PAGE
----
For over twenty-five years, USCIB members have supported the UN Framework Convention on Climate Change (UNFCCC) and have been fully committed both to international cooperation and partnership with our government to tackle the impacts of climate change while advancing American private-sector driven economic prosperity and environmental stewardship at home and abroad. In our view, it is critical to continue to focus on and champion substantive engagement of U.S. business in all dimensions of the UNFCCC.

Enabling conditions inside and outside the framework of climate policy will be vital to progress towards the objectives of the UNFCCC and its Paris Agreement. USCIB is ready to recommend synergistic approaches that mobilize trade and investment to support and deploy innovative technologies and forms of energy.

As the U.S. affiliate of Business at OECD (BIAC), the International Chamber of Commerce (ICC) and the International Organization of Employers (IOE), and with its own standing at the UNFCCC and at the UN Economic and Social Council (ECOSOC), USCIB is uniquely placed to scale and amplify these opportunities across the UN system, and in the OECD and the WTO.

As it re-engages, we encourage the Biden Administration to work closely with the full diversity of U.S. business across every sector of the economy. This will be essential to deliver a U.S. Nationally Determined Contribution (NDC) that advances U.S. economic growth, energy security, job creation and climate action, for the widest benefit of all in our society.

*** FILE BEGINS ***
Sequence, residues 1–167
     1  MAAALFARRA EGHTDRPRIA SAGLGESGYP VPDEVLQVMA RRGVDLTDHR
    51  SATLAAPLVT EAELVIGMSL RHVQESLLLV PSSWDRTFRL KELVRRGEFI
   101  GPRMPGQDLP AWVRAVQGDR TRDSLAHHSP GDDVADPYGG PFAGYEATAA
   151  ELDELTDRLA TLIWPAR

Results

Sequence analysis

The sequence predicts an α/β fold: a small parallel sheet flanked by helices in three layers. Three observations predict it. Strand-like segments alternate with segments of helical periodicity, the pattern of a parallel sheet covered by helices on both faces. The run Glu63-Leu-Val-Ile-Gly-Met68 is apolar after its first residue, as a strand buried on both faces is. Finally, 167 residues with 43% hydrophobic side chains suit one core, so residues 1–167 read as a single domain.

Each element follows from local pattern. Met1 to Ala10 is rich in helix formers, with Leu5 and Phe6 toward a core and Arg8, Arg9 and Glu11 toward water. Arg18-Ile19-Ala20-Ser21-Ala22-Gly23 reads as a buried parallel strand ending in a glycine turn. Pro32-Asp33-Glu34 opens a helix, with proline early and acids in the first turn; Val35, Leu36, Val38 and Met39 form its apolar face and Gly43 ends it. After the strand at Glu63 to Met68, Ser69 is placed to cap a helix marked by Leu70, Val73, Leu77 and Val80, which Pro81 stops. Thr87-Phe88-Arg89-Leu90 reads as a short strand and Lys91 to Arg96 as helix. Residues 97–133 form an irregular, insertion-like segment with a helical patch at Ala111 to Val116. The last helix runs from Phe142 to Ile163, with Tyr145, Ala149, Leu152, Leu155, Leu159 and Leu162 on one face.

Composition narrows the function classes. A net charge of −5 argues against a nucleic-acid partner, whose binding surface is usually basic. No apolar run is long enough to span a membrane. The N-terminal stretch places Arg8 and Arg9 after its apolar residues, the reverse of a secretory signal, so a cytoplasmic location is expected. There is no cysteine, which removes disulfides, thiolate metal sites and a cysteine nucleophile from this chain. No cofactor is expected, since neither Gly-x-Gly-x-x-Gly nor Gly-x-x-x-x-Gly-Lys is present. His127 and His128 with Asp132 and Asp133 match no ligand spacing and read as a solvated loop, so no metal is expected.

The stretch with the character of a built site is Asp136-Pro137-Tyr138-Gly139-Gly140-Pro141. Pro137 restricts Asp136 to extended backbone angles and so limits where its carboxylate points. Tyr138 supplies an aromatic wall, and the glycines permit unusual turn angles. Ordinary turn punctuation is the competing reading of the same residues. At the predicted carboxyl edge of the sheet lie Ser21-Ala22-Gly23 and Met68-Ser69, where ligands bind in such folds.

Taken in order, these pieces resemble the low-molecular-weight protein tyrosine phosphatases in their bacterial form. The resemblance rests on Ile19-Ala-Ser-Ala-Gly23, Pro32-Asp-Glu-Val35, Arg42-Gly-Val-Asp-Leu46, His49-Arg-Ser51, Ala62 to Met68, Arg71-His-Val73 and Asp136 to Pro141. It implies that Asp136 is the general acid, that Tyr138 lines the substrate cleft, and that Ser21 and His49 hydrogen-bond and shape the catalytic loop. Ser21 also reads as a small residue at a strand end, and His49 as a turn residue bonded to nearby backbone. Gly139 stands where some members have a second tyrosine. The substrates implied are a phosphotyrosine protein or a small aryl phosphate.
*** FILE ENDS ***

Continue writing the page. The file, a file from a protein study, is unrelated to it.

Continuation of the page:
While this might take time, we believe it is worth the effort to consult and reflect the views and expertise of USCIB members and other business stakeholders on economic, social, energy and environmental dimensions of U.S. actions at home and abroad in this critical area.

We look forward to this new chapter of vigorous American involvement and cooperation towards a successful COP26 climate meeting in 2021, and to U.S. involvement in the UNFCCC process into the future.

About USCIB: USCIB promotes open markets, competitiveness and innovation, sustainable development and corporate responsibility, supported by international engagement and prudent regulation. Its members include U.S.-based global companies and professional services firms with operations in every region of the world. USCIB has represented U.S. business at the UNFCCC since 1993. Furthermore, as the U.S. affiliate of leading international business organizations and as the sole U.S. business group with standing in ECOSOC, USCIB provides business views to policy makers and regulatory authorities worldwide, and works to facilitate international trade and investment. More at www.uscib.org.

Business Letter to US Senate on Dire Situation in Xinjiang Uyghur Autonomous Region

USCIB joined with several other associations, including the U.S.-China Business Council, the National Retail Federation and the U.S. Chamber of Commerce, among others, to express great concern regarding the dire situation in the Xinjiang Uyghur Autonomous Region (XUAR). The letter was sent to the Honorable Sherrod Brown and the Honorable Ron Wyden of the United States Senate on November 6 and is copied below.